Turku Medieval Fair 2013

Since T. K. Trian has also dabbled in some medieval type of fantasy in the past, we decided to make a little excursion to Finland’s old capital, Turku, and visit a three-day Medieval Fair held in the historical center of this old trade city.

While one can do a load of research at home for their writing, in the end nothing really beats the real thing. Unfortunately the absence of time travel technology limits our choices, but Turku Medieval Fair definitely didn’t leave us cold.

We arrived to Turku on June 28th and decided to spend the evening browsing the stands at the fair, leaving the jousting show and a museum tour for the next day.

Here’s a little pictorama of the two days:



There were some amazing foods sold at the fair; roasted nuts, caramelized apples, strips of meat straight from a whole pig, lollipops, salmiak, licorice, bratwurst-cabbage wraps, rye bread made by monks. and of course, beverages such as mead and beer. You really didn’t have to go hungry while adventuring around the market area (which was huge, spanning over a historical marketsquare, a park, and two riversides. Here are some pictures of the delicacies.

Caramel Apples. These were amazing!

T. Trian’s cinnamon lollipop

I haz noms! CHOMP!

Cabbage wrap. So delicious.



We also got to see fair folk at their medieval-type tasks. Of course the blacksmiths were most interesting to us, as we have a blacksmith character in our fantasy story, Red Bricks and Black Leather. It was a great opportunity to ask about making an armor and weapons, how long it would take, and so on. Hearing all this straight from the horse’s mouth, so to speak, makes this type of research a lot of fun, and you get to meet new people too.

Blacksmiths at work. We met at least four, and they were all metalheads. Go figure.

But there were also soap makers (like in the Clutch song), bakers, washers, tanners, bow makers, painters, musicians… so many talents, so little time to acquaint oneself with them all. It would have been lovely to buy a bow, but they sure were expensive. We did buy a nifty dagger though!


The namesake of our latest fantasy story, the Reaver.












The Joust

This was possibly the most interesting event of the fair. We both adore horses, so the jousting show was nothing short of exciting, hence we also have a lot of pictures from there. But look at these animals, aren’t they majestic? And the skill level of the riders was also impressive. This is definitely something we’d love to try out ourselves someday! We are going riding next weekend (no mounted combat though) and instead of chargers, we’ll ride Icelandic horses!

The only female rider didn’t participate in this. Perhaps the lance was too heavy?

… but she was one fearless rider nonetheless. And isn’t that horse just the quintessential white steed of a noble knight?

This pair was fierce!

They had to hit this little pole with a lance from a gallop. And many of them did. What a feat!

Every horse and rider (4 of them in total) also carried a banner. This bay horse was the biggest of them. Don’t they just look majestic?

They even rode through a fire gate. Imagine training those horses not to fear fire. Wowzers!

Here you can really see what marvellous clothing and gear they carried. After the show she told us the armor weighed over 20kg / 45lbs. Wonder how comfortable it is to wear for long times…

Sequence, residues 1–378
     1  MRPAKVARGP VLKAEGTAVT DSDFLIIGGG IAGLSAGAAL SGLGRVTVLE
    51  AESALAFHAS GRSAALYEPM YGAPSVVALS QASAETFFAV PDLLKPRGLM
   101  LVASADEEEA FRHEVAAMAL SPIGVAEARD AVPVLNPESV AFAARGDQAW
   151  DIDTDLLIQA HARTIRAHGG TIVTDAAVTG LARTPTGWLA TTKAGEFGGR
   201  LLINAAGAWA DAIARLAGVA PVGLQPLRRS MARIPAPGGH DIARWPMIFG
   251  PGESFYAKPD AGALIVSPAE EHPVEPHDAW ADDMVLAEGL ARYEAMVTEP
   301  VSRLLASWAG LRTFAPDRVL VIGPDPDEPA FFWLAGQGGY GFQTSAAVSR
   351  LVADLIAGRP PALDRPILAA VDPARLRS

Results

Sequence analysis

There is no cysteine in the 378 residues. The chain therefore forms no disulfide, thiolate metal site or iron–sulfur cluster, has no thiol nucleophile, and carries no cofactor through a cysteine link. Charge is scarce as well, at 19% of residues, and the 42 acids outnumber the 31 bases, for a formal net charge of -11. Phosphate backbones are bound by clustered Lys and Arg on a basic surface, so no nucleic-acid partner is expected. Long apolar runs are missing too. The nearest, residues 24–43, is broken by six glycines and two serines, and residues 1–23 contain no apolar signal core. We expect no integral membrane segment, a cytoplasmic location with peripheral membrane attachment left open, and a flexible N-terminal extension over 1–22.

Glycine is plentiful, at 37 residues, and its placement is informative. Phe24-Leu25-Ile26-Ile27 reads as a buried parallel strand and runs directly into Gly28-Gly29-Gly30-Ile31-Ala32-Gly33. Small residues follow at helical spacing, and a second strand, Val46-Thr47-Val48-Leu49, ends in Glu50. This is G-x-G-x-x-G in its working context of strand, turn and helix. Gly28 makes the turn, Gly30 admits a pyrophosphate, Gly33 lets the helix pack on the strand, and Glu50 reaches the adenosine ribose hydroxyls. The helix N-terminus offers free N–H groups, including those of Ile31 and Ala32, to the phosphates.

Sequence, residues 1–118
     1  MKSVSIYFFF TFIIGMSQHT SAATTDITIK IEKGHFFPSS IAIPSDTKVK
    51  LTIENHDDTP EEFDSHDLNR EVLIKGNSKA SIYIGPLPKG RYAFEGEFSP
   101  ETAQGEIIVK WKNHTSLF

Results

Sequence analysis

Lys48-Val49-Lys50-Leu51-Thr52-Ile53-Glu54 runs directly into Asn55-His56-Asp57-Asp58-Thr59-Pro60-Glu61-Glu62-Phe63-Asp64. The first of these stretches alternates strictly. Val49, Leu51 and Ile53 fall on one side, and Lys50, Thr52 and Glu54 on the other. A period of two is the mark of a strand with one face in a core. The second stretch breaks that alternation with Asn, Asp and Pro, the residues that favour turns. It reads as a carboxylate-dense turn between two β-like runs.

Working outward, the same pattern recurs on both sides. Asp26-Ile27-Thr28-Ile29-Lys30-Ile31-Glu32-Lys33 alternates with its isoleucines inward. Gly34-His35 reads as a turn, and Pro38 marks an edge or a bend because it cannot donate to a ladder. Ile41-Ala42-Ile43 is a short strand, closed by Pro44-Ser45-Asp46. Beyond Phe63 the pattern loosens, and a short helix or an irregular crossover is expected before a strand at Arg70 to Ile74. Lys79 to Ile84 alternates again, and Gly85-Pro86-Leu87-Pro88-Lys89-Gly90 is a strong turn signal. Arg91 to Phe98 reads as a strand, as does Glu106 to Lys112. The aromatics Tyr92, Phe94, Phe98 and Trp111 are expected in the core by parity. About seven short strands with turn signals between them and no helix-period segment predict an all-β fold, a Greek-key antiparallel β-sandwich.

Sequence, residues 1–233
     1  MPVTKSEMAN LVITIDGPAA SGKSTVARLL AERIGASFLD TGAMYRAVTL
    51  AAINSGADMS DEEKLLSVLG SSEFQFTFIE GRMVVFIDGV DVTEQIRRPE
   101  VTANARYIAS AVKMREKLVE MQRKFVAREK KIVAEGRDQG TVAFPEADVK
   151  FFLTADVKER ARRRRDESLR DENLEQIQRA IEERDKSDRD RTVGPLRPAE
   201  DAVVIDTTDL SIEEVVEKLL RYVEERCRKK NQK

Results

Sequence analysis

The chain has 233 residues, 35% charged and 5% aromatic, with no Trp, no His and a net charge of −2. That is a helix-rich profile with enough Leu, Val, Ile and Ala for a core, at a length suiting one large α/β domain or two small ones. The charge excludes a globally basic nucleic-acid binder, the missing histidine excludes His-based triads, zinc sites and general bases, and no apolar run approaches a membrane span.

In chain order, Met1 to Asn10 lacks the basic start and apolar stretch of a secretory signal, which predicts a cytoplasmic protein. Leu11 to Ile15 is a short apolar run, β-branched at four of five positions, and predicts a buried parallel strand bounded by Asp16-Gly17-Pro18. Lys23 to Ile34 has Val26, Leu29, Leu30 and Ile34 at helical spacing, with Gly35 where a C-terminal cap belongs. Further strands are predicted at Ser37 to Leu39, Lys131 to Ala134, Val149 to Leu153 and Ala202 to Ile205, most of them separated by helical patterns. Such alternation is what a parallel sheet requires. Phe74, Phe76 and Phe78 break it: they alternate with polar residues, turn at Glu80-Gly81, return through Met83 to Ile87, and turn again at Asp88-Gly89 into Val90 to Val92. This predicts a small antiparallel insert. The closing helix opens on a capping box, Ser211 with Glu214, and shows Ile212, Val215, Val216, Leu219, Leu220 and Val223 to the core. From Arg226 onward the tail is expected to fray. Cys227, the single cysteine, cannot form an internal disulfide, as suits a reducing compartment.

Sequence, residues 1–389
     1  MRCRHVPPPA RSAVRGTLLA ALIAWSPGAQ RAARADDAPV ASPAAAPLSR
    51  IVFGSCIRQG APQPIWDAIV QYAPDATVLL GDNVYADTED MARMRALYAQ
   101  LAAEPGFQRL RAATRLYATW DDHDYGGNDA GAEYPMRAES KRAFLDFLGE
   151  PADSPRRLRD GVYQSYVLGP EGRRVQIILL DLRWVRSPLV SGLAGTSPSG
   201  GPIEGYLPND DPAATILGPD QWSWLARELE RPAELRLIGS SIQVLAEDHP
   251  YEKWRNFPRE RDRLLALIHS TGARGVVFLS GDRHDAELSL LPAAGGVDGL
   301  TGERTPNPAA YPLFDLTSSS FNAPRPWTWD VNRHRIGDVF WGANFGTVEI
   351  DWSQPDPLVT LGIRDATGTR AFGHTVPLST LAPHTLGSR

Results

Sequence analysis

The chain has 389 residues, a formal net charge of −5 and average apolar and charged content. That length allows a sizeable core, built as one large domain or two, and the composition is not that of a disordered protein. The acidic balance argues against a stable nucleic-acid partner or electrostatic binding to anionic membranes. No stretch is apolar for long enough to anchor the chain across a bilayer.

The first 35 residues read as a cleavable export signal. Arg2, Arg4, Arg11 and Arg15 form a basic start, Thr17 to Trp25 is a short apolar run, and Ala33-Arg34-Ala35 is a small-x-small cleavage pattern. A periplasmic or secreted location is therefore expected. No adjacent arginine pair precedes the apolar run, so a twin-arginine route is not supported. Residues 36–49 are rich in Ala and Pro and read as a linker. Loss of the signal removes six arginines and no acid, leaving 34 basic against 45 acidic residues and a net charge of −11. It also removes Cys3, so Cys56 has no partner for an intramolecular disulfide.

The Fast & the Furious: Medieval Edition

After the show, the riders answered questions and let the audience pet the horses. Nobody died, but the mount in blue won πŸ™‚

Naturally any event with combat has to have capable physicians to tend to the wounded.



Speaking of physicians, we also learned a bunch of new things about medieval medicine (as well as what was believed useful up until the early 20th century). You rid the body of evil to cure just about any ailment. You can do it in a number of ways.

1. First these lovely guys (historically. These two were actually girls) will examine you…


The black robes and bone-white beaks were particularly reassuring.

2. … by pinching your nipple to discover what was ailing you…


“Does it hurt when I do this?”

3. … then get rid of the bad blood. Because everyone knows bloodloss is healthy.


They used instruments like these or…

… big-ass leeches.

4. Unfortunately we don’t have a picture of the syringe, but to round up the treatment, the patient was lastly purged with a hefty enema. Got a headache? Let blood and have an enema. Got fever? Let blood and have an enema. Got indigestion? Let blood and have an enema. Got the plague? Let blood and have an enema. Got beheaded? Let blood and have an enema. There was nothing this combination couldn’t cure. The wonders of science…

Well, let’s wrap up this report from the comfort of a park bench. It’s time to return to writing with the help of newfound insight and knowledge of the ways of the days of yore. Godspeed to all ye faithful!

T. K. Trian


2 thoughts on “Turku Medieval Fair 2013

  1. Sounds like you guys had a really interesting time at the fair! Can’t believe that horse rode through a fire gate, though. And with so much cloth on it, as well!

    Whenever I hear about the medicine of the old days, I’m thankful I was born in the 21st Century, and managed to dodge a whole lot of enemas and leeches. πŸ˜›

    • Yup, it sure was fun, and the weather was good, so it was nice to browse around, listen to the actors and actresses talk about their daily medieval lives. For some reason many of them were really drunk.

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